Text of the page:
α1-microglobulin protects against bleeding-induced oxidative damage in knee arthropathies
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Knee injury increases the risk of developing knee osteoarthritis (OA). Recent evidence suggests involvement of oxidative stress induced by inflammation and bleeding in the joint. This study investigates the role in this process of α1-microglobulin (A1M), a plasma and tissue antioxidant protein with reducing function, and heme- and radical-binding properties. We studied matched knee synovial fluid (sf) and serum (s) samples from 122 subjects (mean age 40 years, 31% females): 10 were knee healthy references, 13 had acute inflammatory arthritis (AIA), 79 knee injury 0-10 years prior to sampling, and 20 knee OA. Using immunoassays, we measured sf-A1M and s-A1M, sf-hemoglobin (sf-Hb), sf-total free heme (sf-Heme), and sf-carbonyl groups (sf-Carbonyl). We explored associations by partial correlation, or linear regression models with adjustments for age, sex and diagnosis, and evaluated diagnostic capacity by area under the receiver operator characteristics curve (AUC). The AIA group had 1.2- to 1.7-fold higher sf-A1M and s-A1M concentrations compared to the other diagnostic groups; other biomarkers showed no between-group differences. sf-A1M and s-A1M were with AUC of 0.76 and 0.78, respectively, diagnostic for AIA. In the injury group, the amount of bleeding in the joint was inversely correlated to time after injury when measured as sf-Heme (r = -0.41, p < 0.001), but not when measured as sf-Hb (r = - 0.19, p = 0.098). A similar inverse association with time after injury was noted for sf-A1M (r = -0.30, p = 0.007), but not for s-A1M and sf-Carbonyl. Linear regression models showed that sf-Heme was more strongly associated with sf-A1M and sf-Carbonyl than sf-Hb. Independent of diagnosis, sf-Heme explained 5.7% of the variability in sf-A1M and 3.0% in the variability in sf-Carbonyl, but appeared unrelated to s-A1M. High sf-A1M and low sf-Heme or sf-Hb were independently associated with low sf-Carbonyl. In conclusion, our results demonstrate that independent of disease, Hb and heme within a knee joint correlates with an increased sf-A1M concentration that appears to be protective of oxidative damage, i.e., a reduction in carbonyl groups. High concentrations of A1M in synovial fluid and serum was further diagnostic for AIA.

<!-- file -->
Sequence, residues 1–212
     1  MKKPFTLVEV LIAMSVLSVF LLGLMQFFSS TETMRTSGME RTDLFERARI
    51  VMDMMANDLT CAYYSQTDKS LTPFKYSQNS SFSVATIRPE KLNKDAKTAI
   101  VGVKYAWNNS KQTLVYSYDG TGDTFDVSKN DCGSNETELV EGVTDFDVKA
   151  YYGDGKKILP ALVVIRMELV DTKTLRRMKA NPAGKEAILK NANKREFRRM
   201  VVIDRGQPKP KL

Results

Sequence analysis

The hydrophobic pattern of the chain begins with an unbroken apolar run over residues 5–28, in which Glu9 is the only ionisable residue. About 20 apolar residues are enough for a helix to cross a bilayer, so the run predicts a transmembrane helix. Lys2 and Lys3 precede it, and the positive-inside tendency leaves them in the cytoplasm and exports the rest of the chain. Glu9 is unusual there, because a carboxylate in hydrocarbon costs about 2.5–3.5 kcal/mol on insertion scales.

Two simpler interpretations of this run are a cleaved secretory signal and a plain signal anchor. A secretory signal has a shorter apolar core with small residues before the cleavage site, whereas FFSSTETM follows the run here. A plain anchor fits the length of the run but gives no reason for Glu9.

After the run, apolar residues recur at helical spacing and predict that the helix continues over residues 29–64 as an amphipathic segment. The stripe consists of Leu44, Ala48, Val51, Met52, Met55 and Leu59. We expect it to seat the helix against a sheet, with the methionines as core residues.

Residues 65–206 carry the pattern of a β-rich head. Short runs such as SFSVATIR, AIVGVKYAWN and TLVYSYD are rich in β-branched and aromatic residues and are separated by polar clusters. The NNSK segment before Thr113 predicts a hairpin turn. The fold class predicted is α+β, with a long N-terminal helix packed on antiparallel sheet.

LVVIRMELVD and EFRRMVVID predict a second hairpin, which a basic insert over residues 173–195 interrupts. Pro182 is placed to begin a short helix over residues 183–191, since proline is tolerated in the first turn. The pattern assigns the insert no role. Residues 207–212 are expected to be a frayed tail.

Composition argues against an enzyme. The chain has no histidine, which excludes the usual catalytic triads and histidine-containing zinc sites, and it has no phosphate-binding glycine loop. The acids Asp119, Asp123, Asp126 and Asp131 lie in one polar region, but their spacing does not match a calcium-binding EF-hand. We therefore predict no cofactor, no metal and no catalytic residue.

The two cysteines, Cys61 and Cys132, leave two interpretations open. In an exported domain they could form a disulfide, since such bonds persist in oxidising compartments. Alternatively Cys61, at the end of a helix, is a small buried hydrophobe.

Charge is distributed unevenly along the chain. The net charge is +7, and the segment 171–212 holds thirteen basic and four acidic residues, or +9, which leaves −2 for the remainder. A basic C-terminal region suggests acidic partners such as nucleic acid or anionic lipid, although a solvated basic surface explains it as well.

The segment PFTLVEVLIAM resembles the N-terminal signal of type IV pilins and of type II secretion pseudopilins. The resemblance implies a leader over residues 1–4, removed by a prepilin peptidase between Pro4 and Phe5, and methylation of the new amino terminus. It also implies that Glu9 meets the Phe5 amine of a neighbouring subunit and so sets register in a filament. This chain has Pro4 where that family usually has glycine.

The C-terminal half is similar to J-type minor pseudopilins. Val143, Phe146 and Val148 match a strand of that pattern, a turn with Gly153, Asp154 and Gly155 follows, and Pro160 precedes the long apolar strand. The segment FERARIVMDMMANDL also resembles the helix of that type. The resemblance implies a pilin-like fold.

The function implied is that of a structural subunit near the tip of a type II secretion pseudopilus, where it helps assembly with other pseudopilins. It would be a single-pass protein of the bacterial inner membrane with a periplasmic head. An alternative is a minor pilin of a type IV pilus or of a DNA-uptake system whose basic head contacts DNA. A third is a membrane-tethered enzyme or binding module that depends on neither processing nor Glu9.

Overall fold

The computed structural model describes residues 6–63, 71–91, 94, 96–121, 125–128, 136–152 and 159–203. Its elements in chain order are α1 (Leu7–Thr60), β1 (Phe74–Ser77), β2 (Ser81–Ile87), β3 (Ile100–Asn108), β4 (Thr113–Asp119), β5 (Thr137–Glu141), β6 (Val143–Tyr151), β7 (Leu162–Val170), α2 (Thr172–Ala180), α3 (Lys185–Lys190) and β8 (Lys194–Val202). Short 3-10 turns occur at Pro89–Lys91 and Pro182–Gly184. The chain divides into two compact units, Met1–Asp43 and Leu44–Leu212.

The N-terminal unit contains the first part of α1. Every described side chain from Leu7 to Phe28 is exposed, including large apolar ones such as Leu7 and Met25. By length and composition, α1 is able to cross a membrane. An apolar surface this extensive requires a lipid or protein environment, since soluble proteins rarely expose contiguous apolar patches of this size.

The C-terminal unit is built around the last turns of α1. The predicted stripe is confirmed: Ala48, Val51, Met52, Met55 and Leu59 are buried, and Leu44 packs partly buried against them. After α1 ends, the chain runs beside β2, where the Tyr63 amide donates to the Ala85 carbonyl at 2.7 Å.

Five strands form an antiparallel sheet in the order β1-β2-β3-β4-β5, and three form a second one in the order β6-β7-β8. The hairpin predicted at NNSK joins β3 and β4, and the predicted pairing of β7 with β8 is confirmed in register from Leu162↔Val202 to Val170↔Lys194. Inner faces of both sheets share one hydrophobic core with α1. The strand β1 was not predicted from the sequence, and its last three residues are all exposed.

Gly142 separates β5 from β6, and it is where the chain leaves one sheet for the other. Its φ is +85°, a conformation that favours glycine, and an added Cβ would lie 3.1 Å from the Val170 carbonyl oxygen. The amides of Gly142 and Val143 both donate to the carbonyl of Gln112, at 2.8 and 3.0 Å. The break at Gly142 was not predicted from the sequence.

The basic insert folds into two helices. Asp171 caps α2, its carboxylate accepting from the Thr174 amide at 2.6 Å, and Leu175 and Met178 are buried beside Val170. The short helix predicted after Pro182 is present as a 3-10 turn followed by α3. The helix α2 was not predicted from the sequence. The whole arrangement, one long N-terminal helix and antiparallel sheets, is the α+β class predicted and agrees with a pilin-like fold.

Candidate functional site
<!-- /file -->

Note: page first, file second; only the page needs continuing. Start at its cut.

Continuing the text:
|Research areas and keywords||
Subject classification (UKÄ) – MANDATORY
|Journal||Frontiers in Physiology|
|Publication status||Published - 2018 Nov 16|